10 Minutes Peace
by Susan McGrath
I feel bad when I even think this, much less say it, but sometimes I dread Sundays.
Not because I don't want to attend a church service and worship the Lord and be encouraged and uplift others, but because of all the other things that get tacked on to my schedule because it's Sunday.
We seem to schedule our share of church dinners, meetings, rallies, and practices for Sunday afternoon or evening, and there are always family obligations. It seems, in our family anyway, we always reserve birthday or any other celebrations for Sunday afternoon.
And then there are the ballgames to watch and the great sale at the mall!
By mentioning these things, I'm not complaining about them, just stating all the things we try to cram into one day -- a day the early Christians used to honor the Lord.
I have to admit by Sunday evening, I've sometimes used up my energy and patience and am not fit to be in the same room as another person, much less bring honor and glory to God.
Why is that? What happened to the Sundays of my childhood when we came home from church and had dinner, lazed around with a book or played all afternoon, and then went to a short Sunday night service? (My mother even took a nap if she could sneak away from us for an hour!)
I don't remember my parents having a lot of meetings or practices scheduled on Sunday. We sometimes watched ballgames on TV, but we didn't schedule dinner around them. And the store hours were very limited. In our small town, in fact, only one store was open on Sunday. If was Sunday, after all!
If we ran out of milk we had to drive across town to the Dairy Lane, because the other grocery stores were closed.(We kids didn't mind -- it was called the "Dairy" Lane for a reason. They carried every type of ice cream bar and frozen pop you could imagine!)
Now several of the kids in my youth group are schedule to work during Sunday school and/or church at local stores or restaurants. Some have even had ballgames scheduled on Sunday mornings because that's the only time the could get the school gym.
Obviously our culture has changed in the last twenty-five years and the retail industry will place money above all, but I think those of us within the church are more at fault than society in general. We are supposed to understand what it means to take time for the Lord, to need a time of refreshing.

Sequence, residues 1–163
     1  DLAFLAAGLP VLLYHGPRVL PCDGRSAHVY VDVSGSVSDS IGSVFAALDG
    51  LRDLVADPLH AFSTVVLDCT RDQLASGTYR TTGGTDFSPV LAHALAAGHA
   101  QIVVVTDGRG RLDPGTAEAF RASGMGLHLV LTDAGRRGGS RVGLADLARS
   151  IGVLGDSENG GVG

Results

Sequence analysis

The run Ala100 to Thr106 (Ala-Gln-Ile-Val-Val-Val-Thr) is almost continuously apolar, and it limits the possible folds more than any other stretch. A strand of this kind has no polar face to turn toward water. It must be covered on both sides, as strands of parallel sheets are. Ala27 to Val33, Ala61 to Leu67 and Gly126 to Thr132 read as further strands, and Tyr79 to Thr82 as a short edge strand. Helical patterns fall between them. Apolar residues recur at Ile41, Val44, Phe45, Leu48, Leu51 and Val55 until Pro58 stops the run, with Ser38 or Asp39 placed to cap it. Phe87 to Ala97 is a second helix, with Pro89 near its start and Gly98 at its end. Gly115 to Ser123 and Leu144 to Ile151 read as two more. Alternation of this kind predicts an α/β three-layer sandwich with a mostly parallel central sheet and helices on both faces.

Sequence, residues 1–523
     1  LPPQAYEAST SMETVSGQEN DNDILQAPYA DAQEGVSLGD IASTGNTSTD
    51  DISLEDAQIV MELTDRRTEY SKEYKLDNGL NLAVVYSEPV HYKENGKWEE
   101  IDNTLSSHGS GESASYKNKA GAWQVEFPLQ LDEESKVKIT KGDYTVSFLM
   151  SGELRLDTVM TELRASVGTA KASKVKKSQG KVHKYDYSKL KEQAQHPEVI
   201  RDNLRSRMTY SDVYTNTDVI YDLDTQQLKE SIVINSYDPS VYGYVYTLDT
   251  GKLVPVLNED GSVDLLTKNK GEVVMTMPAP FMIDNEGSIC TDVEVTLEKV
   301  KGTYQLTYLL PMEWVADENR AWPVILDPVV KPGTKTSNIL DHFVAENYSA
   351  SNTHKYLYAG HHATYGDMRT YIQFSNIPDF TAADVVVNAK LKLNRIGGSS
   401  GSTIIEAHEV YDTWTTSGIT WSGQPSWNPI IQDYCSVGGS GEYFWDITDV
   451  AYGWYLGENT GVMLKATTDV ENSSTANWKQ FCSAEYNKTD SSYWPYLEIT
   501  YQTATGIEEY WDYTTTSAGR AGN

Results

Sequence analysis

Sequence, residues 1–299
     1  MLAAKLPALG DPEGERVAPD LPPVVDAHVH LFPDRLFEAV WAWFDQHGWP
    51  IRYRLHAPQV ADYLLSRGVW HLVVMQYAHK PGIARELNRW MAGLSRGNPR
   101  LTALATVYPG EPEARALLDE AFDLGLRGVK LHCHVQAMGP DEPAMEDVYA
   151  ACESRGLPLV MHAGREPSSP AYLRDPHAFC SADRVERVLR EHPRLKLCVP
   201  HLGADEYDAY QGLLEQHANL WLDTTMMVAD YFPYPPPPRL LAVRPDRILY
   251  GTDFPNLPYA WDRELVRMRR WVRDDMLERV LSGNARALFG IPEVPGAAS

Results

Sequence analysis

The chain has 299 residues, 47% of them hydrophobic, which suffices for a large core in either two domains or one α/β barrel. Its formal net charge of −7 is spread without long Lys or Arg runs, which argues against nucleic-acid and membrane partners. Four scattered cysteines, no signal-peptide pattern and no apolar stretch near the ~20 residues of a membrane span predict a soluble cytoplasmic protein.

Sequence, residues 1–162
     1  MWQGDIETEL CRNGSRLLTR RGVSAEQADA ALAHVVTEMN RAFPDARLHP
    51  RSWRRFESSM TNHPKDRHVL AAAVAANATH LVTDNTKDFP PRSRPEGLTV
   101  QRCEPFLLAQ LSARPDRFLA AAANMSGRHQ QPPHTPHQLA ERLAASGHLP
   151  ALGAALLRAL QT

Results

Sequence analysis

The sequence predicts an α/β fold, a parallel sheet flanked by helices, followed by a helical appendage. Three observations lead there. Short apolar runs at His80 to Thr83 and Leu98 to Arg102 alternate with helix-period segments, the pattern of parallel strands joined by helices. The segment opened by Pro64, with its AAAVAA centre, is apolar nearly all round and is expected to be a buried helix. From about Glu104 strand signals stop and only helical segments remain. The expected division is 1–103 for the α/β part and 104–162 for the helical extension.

We know that God rested on the seventh day after creating the world and everything in it, and that the Sabbath was to be observed by his people for spiritual and physical reasons. Even though the Sabbath was eliminated with Christ's death and resurrection, the early Christians still observed a day to honor God.
So why is it so difficult for us to say no to all the extras and have a leisurely meal with our family and relax for a few hours reading the bible or even just a good novel?
Acts 20: 7 says, "On the first day of the week we came together to break bread. Paul spoke to the people . . ." Whether they observed this as a time of rest is not clear, but it was a time to be renewed and refreshed through scripture study and fellowship.
I have been guilty of scheduling practices and activities for Sundays, but the busier I become, the more thought I give to taking up someone else's time on Sunday. It's almost like taking up the Lord's time, so it had better be for a good purpose!
"Refreshment in Refuge" from
Turtle on a PostRead Article »
a recovering journalist trying to encourage others and glorify God through writing;
living the small-town life with husband Tim and sons Lincoln, 12, and Sawyer, 6;
completing a few put-off writing projects while using chocolate for therapy.
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